Cape Cod Healthcare leaders said they have a message of hope and optimism for the community at the start of the new year.
Cape Cod Healthcare President and CEO Michael K. Lauf said Monday that plans are on track for a new four-story tower at Cape Cod Hospital in Hyannis and for an upgrade of the hospital’s emergency department to a Level 3 trauma center.
Also in the works is a search for a new physical location for the health care system’s Trachsel Neuroscience Institute and Memory Center, and plans to upgrade the intensive care units at Falmouth Hospital.
The health care organization also plans to open a new urgent care center — its sixth — in Orleans next year.
“This is a bit of optimism for our community,” Lauf said in an interview Monday. “Even in the most challenging of times you can still see around the bend. It’s a new year.”
Plans part of $125M fundraising campaign
A $125 million fundraising campaign will help pay for the initiatives, and help redefine the delivery of health care on Cape Cod, Lauf said.
In a video announcing the public phase of the campaign, he said, “Our campaign is about investing in the future, so people know their health care needs will continue to be met.”
Health care officials are naming the fundraising initiative the “Quality. Trust. Partnership” campaign.
So far the campaign has raised more than 30,000 donations, coming to more than $100 million, he said.
Health care officials said the “quiet phase” of the campaign began in 2016.
“We felt with the new year it was time to announce our campaign publicly,” Lauf said.
The goal now is to raise an additional $25 million or more, said Christopher Lawson, senior vice president and chief development officer for Cape Cod Healthcare.
Recent donations have included a historic $10 million gift in support of the new tower project at Cape Cod Hospital from the Edwin Barbey Charitable Trust directors, Peter and Pamela Barbey of Hyannisport.
The gift made last fall was the largest in Cape Cod Hospital’s history.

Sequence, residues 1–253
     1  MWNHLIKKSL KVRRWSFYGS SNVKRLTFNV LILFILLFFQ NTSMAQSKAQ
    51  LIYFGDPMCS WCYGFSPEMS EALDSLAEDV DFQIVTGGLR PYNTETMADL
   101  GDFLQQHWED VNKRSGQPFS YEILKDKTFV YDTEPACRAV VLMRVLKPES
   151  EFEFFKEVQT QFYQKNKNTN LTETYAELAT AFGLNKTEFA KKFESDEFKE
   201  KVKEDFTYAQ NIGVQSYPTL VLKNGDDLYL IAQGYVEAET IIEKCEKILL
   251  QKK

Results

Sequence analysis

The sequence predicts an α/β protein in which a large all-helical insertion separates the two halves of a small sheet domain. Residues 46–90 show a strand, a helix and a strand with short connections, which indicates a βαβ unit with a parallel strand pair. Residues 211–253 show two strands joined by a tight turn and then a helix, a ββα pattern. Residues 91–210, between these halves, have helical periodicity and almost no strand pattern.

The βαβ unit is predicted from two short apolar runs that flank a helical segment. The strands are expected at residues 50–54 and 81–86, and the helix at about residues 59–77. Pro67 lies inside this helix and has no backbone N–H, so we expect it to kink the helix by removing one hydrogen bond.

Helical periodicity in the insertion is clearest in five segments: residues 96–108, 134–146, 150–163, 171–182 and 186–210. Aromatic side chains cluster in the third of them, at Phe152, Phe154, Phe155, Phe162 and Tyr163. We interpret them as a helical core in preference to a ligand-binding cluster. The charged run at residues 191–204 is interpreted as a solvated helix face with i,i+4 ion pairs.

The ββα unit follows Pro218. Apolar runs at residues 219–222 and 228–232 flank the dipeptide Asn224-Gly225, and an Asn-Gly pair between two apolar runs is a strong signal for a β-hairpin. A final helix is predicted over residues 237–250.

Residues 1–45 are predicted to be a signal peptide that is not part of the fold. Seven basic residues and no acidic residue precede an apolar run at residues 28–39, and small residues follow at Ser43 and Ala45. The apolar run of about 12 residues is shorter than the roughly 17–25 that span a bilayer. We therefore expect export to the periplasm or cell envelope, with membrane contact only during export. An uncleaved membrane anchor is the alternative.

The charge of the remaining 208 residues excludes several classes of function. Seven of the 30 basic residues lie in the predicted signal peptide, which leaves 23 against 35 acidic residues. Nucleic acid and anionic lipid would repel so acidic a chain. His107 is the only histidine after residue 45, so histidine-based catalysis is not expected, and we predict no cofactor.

The funds will go toward the four-story tower, which will house cancer and cardiology services. Renderings are being prepared and should be ready this month, Lauf said.
He anticipated groundbreaking will take place in October or November this year.
The original plan, for a six-story building, was put on hold in 2020 as the health care system struggled with the financial devastation from the COVID-19 pandemic.
Cape Cod Healthcare officials said that other donations in recent years have created:
- The Reilly Family Oncology Research Center to provide clinical trials to Cape Cod residents close to home.
- The Stoneman Heart and Vascular Institute
- The Trachsel Neuroscience Institute and Memory Center for care of stroke, Alzheimer’s, brain injuries and other neurological services. The services are currently being provided by physicians as health care officials explore opportunities for a physician location for the center.
- Renovation of the Mary McCarthy Care Center for hospice services in East Sandwich. The center reopened following renovations in November 2020.
“To have care where people need it and want it is so important,” Lauf said.
He said physician recruitment and retention is another goal of the campaign, as are improvements to Falmouth Hospital’s ICU services that will bring the units up to date with current technology.
The upgrades will allow Falmouth Hospital to expand its surgical services, Lauf said.
Cape Cod Healthcare closed units, laid off employees
Falmouth Hospital closed its maternity and pediatric units in 2020, citing a 10-year decline in birth rates.
Also in 2020, Cape Cod Healthcare laid off 118 employees — about 2% of its workforce — after it had a $100 million drop in expected revenue during the pandemic.
Despite the pandemic, Cape Cod Healthcare is proceeding with plans for the future of what Lauf called one of the few remaining independent hospital systems in the state.
“This pandemic will end. We don’t know when it will end, but it will end.”
Lauf said Cape Cod Hospital is “really close” to applying to the American College of Services for verification of resources necessary for a Level 3 trauma center. The goal is to be approved by the necessary agencies for the designation by 2023, Lauf said.
Other plans include establishing an up-to-date infectious disease suite at Cape Cod Hospital and to open a new wing of the JML Care Center in Falmouth to new patients and residents.
Lauf said the wing is ready to serve skilled nursing patients and residents, but doesn’t have enough staff yet to provide short- and long-term skilled nursing care due to the current labor shortage.
“We have a vision. We took this vision and began to fundraise around it.”
“The capital campaign is important to our mission,” Lauf said.
“It’s important to our future survival.”